The possibility of ‘torpedo’ abuse, coupled with less deference to the jurisdictional consequences of the Act of State doctrine [particularly its contested extension to intellectual property rights], means the English courts in particular are becoming less impressed with the exclusivity. (Albeit Carr J on balance decides per curiam (at 73-74) that direct challenges to the validity of foreign patents should not be justiciable in the English courts). Where the EU Regulation applies, they do not have much choice. Carr J refers to [2016] EWHC 1722 (Pat) Anan where claimant sought to carve out issues of validity by seeking a declaration that the defendant’s acts infringed a German patent “if the German designation is invalid (which is to be determined by the German courts)“.  EU law meant this attempt could not be honoured. Carr J however suggests that EU rules have no direct application in the present case because the Patent at stake is a United States patent. That is spot on, on the facts of the case: choice of court having been made in favour of the English courts, the case does not fall under the amended lis alibi pendens rule of the Brussels I Recast. In Article 33 juncto recital 24, reflexive effect is suggested for the Regulation’s exclusive jurisdictional rules, leaving a Member State court in a position (not: under an obligation) to give way to pending litigation in third countries, if its own jurisdiction is based on a non-exlusive jurisdictional rule (Articles 4, 7, 8 or 9) and not within the context of the protected categories.

Allow me to lean on 20 Essex Street’s conclusion in their review of the case: Carr J held that the case before him was not a direct challenge to validity. He accepted Chugai’s submissions that its claim was contractual. Disputed parts of the patent were incidental to the essential nature of its claim, which was a claim for determination of its royalty obligations. In his view, this claim fell within the exclusive jurisdiction clause, in favour of the English courts, which parties had agreed.

Essential reading for IP litigators.

Geert.

(Handbook of) EU Private international law, 2nd ed. 2016, Chapter 2, Heading 2.2.6.7.

 

, , , , , , , , , , , , , , , , , ,

3 Comments

SCOTUS holding in Bristol-Myers Squibb BMS further restricts personal jurisdiction in State courts.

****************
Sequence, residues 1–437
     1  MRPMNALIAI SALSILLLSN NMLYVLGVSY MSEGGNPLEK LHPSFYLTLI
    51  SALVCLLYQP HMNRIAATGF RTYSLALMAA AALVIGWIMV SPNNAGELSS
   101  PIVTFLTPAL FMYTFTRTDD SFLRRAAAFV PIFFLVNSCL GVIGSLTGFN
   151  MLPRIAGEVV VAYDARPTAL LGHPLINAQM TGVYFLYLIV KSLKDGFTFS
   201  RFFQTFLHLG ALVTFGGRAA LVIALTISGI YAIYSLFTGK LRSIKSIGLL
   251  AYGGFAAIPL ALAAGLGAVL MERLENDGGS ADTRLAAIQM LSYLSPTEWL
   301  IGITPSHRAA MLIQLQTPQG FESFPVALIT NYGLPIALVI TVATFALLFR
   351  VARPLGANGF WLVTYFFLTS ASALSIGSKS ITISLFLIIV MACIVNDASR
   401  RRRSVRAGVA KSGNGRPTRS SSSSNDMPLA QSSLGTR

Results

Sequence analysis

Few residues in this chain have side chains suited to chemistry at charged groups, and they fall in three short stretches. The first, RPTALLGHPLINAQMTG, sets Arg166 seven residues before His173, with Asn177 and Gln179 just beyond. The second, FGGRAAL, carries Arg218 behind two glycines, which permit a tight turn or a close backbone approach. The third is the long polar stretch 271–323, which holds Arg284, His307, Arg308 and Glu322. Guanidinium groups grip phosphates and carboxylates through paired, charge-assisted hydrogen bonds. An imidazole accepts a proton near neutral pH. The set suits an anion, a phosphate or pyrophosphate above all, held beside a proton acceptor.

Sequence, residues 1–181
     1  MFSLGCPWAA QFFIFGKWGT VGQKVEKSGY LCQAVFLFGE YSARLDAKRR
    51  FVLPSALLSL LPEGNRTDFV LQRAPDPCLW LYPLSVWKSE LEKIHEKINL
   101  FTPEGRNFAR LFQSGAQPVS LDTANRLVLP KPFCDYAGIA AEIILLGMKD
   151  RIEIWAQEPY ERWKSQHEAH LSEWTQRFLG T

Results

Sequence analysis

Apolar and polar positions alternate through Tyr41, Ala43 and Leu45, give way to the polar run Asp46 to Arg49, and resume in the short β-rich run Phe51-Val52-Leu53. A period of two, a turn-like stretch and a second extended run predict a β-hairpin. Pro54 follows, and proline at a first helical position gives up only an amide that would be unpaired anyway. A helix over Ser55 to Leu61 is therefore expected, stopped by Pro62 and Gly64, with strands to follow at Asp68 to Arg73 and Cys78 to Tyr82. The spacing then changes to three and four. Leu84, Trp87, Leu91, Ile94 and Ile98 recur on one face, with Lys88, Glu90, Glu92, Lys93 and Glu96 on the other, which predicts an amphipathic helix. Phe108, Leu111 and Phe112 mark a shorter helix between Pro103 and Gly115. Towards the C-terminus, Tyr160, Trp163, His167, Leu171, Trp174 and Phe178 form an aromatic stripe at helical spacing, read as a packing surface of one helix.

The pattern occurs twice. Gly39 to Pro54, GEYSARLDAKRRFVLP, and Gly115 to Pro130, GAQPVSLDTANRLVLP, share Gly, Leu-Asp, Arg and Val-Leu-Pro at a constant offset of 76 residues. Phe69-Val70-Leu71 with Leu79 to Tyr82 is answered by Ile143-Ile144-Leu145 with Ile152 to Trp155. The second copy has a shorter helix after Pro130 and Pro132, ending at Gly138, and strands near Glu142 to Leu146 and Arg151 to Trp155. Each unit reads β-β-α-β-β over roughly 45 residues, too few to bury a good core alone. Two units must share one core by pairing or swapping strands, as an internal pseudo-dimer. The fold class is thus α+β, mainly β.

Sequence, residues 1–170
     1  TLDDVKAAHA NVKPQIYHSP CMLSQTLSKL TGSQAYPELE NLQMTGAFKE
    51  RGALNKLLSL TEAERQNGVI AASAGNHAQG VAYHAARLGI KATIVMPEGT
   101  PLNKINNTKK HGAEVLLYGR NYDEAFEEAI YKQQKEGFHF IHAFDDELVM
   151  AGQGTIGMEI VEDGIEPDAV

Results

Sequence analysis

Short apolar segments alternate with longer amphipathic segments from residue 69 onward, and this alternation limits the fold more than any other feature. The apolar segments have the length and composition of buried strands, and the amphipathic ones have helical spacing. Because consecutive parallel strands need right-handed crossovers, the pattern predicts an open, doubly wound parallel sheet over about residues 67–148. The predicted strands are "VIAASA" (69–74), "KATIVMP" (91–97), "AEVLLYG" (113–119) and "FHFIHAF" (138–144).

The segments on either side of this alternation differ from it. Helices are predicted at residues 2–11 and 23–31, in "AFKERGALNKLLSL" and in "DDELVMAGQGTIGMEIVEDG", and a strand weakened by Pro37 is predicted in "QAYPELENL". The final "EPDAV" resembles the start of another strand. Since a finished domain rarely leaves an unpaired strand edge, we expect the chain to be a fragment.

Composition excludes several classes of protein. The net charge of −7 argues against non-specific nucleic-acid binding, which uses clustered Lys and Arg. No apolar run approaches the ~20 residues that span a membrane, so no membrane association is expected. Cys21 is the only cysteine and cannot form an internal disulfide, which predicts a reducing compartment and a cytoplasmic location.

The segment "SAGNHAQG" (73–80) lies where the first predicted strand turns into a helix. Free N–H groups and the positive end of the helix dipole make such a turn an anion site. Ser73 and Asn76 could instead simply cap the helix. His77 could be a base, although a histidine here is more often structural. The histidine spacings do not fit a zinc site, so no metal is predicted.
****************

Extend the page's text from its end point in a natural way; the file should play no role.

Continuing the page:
I have reported before (search tag ‘CSR’ or ‘ATS) on the personal jurisdiction cases in US litigation. The United States Supreme Court this morning held in Bristol-Meyers Squibb, BMS for short. For background see earlier reporting in this post. California was held not to have jurisdiction for claims brought by non-residents. In her dissenting Opinion justice Sotomayor notes the important impact of the ruling, suggesting that a corporation that engages in a nationwide course of conduct cannot now be held accountable in a state court by a group of injured people unless all of those people were injured in the forum State.  Precedent evidently includes Bauman.

Judgment and opinion include many interesting takes on personal jurisdiction and how it should be managed.

Kenneth Argentieri and Yuanyou (Sunny) Yang have an interesting suggestion here, that ‘plaintiffs will continue to develop creative arguments to obtain jurisdiction over defendants in their preferred jurisdictions, for example, by arguing that a corporation’s registration to do business in a state or designation of an agent to accept service in a state constitute consent to the jurisdiction in that state. Circuit and state courts are currently split on this issue, and the United States Supreme Court has not yet ruled on it.’ We are not a the end of the personal jurisdiciton road.

Geert.

 

, , , , , , , , , , , , , , , , , , , , , , , , , , , , ,

Leave a comment

Just did not do it. USCA confirms strict attributability test in Ranza v Nike.

Update 21 June 2016 see also application with respect to the extraterritorial impact of the US ‘Rico’ (anti-racketeering) Act in RJR Nabisco, Inc. V European Community.

In Ranza v Nike, the Court of Appeal for the ninth circuit confirmed the high hurdle to establish personal jurisdiction over foreign corporations in the US, following the Supreme Court’s decisions in Kiobel and Bauman /Daimler. Trey Childress has good summary here and I am happy largely to refer.

Loredana Ranza is a US citisen, resident in the EU (first The Netherlands; Germany at the time of the court’s decision). She seeks to sue against her Dutch employer, Nike BV, and its parent corporation, Nike inc. for alleged violation of federal laws prohibiting sex and age discrimination. The Dutch equality Commission had earlier found the allegations unfounded under Dutch law.

Of particular interest are the Court’s views on the attributability test /piercing the corporate veil following Daimler and Kiobel. The Court held (p.15 ff) that prior to Daimler, personal jurisdiction over the mother company could be established using either the agency or the alter ego test, with the former now no longer available following Daimler. Under the Agency test, effectively a type of abus de droit /fraus /fraud, plaintiff needed to show that the subsidiary performed services which were sufficiently important to the foreign corporation that if it did not have a representative to perform them, the corporation’s own officials would undertake to perform substantially similar services. Daimler, the Court suggested in Ranza, held that the agency test leads to too broad a jurisdictional sweep. That leaves the alter ego test: effectively, whether the actions prima facie carried out by the subsidiary, are in fact carried out by the mother company for it exercises a degree of control over the daughter which renders that daughter the mother’s alter ego. Not so here, on the facts of the case: Nike Inc, established in Oregon, is heavily involved in Nike BV’s macromanagement, but not so ‘enmeshed’ in its routine management of day-to-day operation, that the two companies should be treated as a single enterprise for the purposes of jurisdiction.

For good measure, the Court also confirmed application of dismissal of jurisdiction on the basis of forum non conveniens.

Geert.

, , , , , , , , , , , , , , , , , , , , , , , , , , ,

Leave a comment

%d bloggers like this: